It all adds up to some unexpected fun, and I say unexpected because this film came out in 1939, when the closest thing to family viewing was The Wizard of Oz. But if you’ve been to Disney World and the kids can tolerate old black-and-white films, this one makes for a pretty good evening’s entertainment. And don’t worry about jump scares. Compared to today’s horror-slasher films, this one is pretty tame.

Kind of like Disney’s Haunted Mansion.

Entire family: Maybe (though it might not hold the attention of really young ones)
Run time: 75 min. (Black and white)
Studio/Distributor: Kino Lorber
Aspect ratio: 1.37:1
Featured audio: DTS 2.0
Bonus features: C
Trailer
Amazon link
Not rated (would be PG for some frightening situations)

Language: 0/10—The old movies are refreshingly clean-cut

Sex: 0/10—I don’t count a couple of innocent pecks on the lips

Violence: 2/10—The most serious thing a stabbing in the back, but it’s not graphically shown; apart from that, one person is found dead

Adult situations: Nothing really noticeable except for Hope’s character briefly lighting a cigar but then tossing it into the bayou (and an alligator’s mouth)—presumably the whole point of the joke

Takeaway: Keep your arms and legs inside the attraction at all times. And enjoy the ride.

Review of BLOOD QUANTUM (Blu-ray)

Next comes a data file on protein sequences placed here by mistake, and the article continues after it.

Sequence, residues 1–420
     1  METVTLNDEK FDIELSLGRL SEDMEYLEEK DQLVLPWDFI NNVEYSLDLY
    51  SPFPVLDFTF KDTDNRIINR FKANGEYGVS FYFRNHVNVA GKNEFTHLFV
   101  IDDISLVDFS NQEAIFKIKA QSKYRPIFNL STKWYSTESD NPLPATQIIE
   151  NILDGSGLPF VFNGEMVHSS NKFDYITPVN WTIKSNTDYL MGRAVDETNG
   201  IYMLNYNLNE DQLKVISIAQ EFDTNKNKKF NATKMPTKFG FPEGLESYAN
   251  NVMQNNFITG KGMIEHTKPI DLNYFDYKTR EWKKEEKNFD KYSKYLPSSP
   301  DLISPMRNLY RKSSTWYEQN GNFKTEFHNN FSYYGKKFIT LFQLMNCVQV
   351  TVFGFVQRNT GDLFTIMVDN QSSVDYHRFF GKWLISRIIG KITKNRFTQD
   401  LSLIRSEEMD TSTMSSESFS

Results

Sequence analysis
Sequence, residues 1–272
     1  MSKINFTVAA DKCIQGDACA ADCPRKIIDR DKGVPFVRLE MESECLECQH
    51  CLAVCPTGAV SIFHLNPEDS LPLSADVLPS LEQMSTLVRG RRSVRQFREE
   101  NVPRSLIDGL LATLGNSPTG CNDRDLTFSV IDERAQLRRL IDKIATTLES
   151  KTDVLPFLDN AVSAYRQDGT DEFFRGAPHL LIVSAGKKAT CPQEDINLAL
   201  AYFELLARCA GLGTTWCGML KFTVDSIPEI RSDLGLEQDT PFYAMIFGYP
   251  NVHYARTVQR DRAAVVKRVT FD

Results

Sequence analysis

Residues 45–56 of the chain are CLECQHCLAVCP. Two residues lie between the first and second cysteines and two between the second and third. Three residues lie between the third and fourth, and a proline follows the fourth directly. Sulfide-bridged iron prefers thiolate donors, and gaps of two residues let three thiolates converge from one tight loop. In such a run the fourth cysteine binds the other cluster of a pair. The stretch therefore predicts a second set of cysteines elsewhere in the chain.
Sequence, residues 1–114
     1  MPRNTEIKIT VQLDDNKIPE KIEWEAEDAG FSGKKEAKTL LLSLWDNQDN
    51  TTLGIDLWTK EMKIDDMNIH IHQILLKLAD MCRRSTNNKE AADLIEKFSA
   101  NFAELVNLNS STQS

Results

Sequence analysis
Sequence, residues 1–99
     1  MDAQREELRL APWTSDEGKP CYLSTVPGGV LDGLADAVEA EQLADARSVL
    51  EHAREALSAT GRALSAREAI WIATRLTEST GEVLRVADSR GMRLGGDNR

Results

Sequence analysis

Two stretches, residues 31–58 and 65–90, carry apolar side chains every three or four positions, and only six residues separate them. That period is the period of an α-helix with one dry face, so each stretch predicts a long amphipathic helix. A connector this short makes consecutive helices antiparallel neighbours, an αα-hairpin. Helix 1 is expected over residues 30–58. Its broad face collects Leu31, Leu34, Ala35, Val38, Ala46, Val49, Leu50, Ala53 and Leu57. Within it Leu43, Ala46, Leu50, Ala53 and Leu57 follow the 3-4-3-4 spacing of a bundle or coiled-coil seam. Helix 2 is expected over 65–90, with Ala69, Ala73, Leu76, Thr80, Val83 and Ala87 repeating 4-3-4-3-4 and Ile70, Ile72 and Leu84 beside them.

Leave a comment

Grade: B-
Horror-thriller
Not rated (would be R)

Blood Quantum isn’t a title that screams “family friendly”—just plain screams, is more like it, considering that this 2019 horror film finds a few inventive new ways to kill zombies. There’s blood and gore and f-bombs galore, but if we’re being honest it’s the kind of film that appeals to older teens and families that enjoy a good frightfest every now and then.

Plus, Blood Quantum deserves a shout-out because this 2019 Canadian film from Jeff Barnaby is that rare horror film made by a First Nations director. Barnaby, a Mi’gmaq, shot much of the film on the same reserve in Listuguj, Quebec where he was born and he spotlights a large cast of First Nations actors. The history of indigenous people in North America is a history of segregation and forced relocation, but this film gets its own symbolic revenge (a theme suggested by two animated segments) by having the reserve be a place where all of the whites now want to go. The film’s key concept is that indigenous people are immune to the zombie plague. While they can be killed, they can’t be turned into zombies themselves. That is, they are immune to whatever zombie virus is being transmitted through zombie bites. As a result, the reserve, ironically, has become the only safe haven in the world.

The title itself is also ironic, because “blood quantum” or “Indian blood” laws were enacted by the U.S. government as a way of legally defining racial groups—too often a first step toward isolation and persecution. Here, blood quantum is a saving grace, and the political statement that Barnaby makes in his second full-length feature (the politically charged Rhymes for Young Ghouls was his first) is unmistakable. More